Wmc Honors Notable Students And Faculty From Carroll

May 01, 1991|By Staff report

WESTMINSTER — Four Western Maryland College students and two educators from Carroll County received academic, activity and leadership awards from thecollege during its annual Senior Investiture and Honors Convocation Sunday in Alumni Hall.

Julie Elizabeth Baile, a Class of 1991 English major and the daughter of John E. and Carole R. Baile of Westminster, was awarded the Makosky Award for Excellence in English.

The award is presented to the outstanding senior English major. It was established to honor John D. Makosky, a longtime member of the department and faculty dean. Baile was editor of the Phoenix, WMC's student newspaper, during the fall semester of 1990.

She is a member of Lambda Iota Tau and participated in intramural volleyball. She also was awarded membership in Western Maryland's chapter of Phi Beta Kappa, the national honor society for leaders in the liberal arts.

This fall, she will attend graduate classes at Michigan State University, where she plans to obtain a master's degree in English.

Kathleen Albright Bare, a Class of 1991 English major and the wife of David R. Bare of Westminster, was awarded membership in Omicron Delta Kappa, an honorary society recognizing leadership in academic and professional endeavors.

Bare was charter president of the Non-Traditional Student Union and co-planner of an orientation program for non-traditional students. She also coordinated revisions to the WMC "StudentHandbook." She was awarded membership in the WMC chapter of Phi BetaKappa.

Sharon Elizabeth Miller, a Class of 1991 history major andthe daughter of Leon and Judy Miller of Manchester, received the Hugh Barnette Speir Jr. Prize.

The award was established by the parents of Hugh Barnette Speir Jr., Class of 1945, who was killed in WorldWar II. It is given annually to the student considered to show the greatest promise in European history. Miller is a member of the college's Brass Ensemble. She also was awarded membership in the college'schapter of Phi Beta Kappa.

Tracey Lynn Snyder, a Class of 1991 physical education major and the daughter of Mrs. Linda Snyder of Hampstead and the late Allan W. Snyder, received four activity and leadership awards, the most by a single student at WMC in the last decade.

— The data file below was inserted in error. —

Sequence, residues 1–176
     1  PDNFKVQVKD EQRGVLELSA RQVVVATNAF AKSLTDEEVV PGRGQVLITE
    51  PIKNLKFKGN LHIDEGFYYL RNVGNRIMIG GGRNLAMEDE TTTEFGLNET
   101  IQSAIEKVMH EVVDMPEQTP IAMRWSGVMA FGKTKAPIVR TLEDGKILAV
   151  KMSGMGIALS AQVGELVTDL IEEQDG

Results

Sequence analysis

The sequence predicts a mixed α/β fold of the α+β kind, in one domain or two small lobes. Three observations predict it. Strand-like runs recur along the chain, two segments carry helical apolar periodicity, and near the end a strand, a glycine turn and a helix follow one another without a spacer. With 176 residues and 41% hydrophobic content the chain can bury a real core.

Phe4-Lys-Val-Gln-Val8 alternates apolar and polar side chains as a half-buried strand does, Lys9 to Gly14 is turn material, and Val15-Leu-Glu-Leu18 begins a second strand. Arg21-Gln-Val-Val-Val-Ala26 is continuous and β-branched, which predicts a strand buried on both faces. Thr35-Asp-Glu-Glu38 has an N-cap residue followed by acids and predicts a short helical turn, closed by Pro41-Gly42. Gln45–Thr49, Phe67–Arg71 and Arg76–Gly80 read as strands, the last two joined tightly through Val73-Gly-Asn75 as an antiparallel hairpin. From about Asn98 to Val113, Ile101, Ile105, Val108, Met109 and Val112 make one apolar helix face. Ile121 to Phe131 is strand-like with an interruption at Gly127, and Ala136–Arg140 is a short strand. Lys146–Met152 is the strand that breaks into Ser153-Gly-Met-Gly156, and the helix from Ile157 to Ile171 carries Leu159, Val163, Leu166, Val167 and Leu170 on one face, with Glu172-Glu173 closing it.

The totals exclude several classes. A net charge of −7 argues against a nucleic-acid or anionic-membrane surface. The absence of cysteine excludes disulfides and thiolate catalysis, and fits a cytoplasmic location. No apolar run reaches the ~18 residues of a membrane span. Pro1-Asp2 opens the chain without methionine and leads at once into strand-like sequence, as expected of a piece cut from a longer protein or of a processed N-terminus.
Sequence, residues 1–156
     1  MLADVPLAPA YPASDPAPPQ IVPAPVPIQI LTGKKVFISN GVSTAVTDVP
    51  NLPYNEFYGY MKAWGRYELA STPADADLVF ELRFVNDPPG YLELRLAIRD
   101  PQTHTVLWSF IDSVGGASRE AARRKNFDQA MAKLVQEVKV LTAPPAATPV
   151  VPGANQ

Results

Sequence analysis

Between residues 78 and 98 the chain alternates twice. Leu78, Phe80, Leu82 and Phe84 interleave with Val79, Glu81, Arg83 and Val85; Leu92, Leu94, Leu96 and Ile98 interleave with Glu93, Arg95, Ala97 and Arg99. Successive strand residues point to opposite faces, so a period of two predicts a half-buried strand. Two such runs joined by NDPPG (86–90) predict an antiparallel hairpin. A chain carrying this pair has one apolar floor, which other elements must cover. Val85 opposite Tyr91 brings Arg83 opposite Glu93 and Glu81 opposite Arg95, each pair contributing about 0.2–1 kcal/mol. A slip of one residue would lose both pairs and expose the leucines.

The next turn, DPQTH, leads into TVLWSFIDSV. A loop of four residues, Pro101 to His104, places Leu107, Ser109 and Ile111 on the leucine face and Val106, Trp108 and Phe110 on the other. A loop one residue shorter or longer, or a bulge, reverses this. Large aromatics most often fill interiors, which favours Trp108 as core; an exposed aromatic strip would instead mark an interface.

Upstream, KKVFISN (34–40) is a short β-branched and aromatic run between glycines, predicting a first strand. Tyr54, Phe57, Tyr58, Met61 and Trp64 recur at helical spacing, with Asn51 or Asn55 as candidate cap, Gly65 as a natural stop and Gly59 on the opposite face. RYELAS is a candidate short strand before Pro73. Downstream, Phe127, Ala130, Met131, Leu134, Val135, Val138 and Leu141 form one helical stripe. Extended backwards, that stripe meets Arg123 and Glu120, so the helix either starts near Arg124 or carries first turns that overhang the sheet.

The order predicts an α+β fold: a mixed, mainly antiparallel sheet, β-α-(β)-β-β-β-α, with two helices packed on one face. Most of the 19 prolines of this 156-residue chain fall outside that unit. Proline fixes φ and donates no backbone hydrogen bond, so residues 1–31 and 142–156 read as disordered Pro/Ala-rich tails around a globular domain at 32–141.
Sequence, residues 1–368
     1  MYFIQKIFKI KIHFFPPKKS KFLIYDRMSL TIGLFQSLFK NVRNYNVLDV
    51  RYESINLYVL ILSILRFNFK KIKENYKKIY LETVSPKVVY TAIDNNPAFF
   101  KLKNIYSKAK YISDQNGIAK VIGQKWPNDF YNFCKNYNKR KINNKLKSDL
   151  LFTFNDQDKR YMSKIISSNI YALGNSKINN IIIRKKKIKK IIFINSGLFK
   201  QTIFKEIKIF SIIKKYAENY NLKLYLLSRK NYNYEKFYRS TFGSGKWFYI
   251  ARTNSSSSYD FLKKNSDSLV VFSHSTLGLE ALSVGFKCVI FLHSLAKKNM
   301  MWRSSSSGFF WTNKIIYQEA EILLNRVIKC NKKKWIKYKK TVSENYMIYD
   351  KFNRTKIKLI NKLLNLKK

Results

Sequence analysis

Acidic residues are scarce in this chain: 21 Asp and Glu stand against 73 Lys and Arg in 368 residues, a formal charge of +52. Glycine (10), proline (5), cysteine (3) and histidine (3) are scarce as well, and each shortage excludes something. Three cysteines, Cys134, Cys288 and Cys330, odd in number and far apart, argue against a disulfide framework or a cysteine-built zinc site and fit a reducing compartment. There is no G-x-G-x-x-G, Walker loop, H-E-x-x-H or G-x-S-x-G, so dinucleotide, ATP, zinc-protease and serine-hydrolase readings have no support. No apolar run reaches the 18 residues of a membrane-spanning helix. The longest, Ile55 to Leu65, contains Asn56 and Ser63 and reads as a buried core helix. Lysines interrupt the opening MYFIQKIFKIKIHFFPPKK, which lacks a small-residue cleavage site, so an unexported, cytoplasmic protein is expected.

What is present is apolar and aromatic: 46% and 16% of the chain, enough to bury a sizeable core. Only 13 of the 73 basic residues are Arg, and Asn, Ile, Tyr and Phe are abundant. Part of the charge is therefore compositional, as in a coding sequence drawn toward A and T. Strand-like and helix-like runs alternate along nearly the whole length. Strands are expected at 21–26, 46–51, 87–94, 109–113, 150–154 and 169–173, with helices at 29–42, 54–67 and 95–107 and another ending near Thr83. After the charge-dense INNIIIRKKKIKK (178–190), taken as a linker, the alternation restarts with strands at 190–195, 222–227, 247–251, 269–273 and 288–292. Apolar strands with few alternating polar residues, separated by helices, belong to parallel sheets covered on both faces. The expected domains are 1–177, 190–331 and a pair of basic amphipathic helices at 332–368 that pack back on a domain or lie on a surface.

One of the awards she received was the Mary Ward Lewis Prize. Founded in 1920 by the Browning Literary Society in honor of the wife of the college's second president, a gold medal is awarded to a female member of the graduating class who has the best record during her undergraduate course.

Snyder also received the Steve Robert Wilson '75 Memorial Award. The prize was established in 1986 by the alumni fraternity brothers, family and friends of Steve R. Wilson, Class of 1975,a member of the track and field team during his four years at WMC. It is presented each year to the senior male and female with the best record in track and field.

Snyder was also presented with the Faith Millard Medal, awarded annually to an outstanding senior woman athlete who displays skill, leadership and a sense of fair play.

Last,Snyder received the Charles W. Havens Award. Established in 1981 in honor of Charles W. Havens, Class of 1930, by the 1951 undefeated football team, the award is presented to a graduating senior who has participated in intercollegiate athletics and has shown charity, altruism, benevolence, and a humane and compassionate concern for his or herfellows.

A graduate of North Carroll High School, Tracey is a volunteer for organizations that assist disadvantaged people. She has served in various activities for the benefit of TARGET, the non-profit organization that provides homes for the developmentally disabled, aswell as the Special Olympics and the Tournament of Champions.

Tracey is also a four-year letter-winner in both field hockey and track and field. She plans to return to WMC this fall for her student teaching internship in physical education.

In faculty awards, Ethan A. Seidel, professor of economics and business administration, was presented the college's 31st Distinguished Teaching Award.

The annual award is selected by a vote from the undergraduate student body. The Westminster resident won this award for the second time since he joined the WMC faculty in 1969. He first received it in 1981.

Seidel isa member of such professional associations as Omicron Delta Kappa, Omicron Delta Epsilon and the American Economic Association. He serveson the board of directors of Junior Achievement.

Francis "Skip" Fennell, associate professor of education, was named a winner the 1990-1991 Sears Roebuck Foundation Teaching Excellence and Campus Leadership Award.

Recently appointed a full professor of education, the Westminster resident is one of nearly 700 faculty members recognized nationally by the Sears Roebuck Foundation for resourcefulness and leadership as private college educators.

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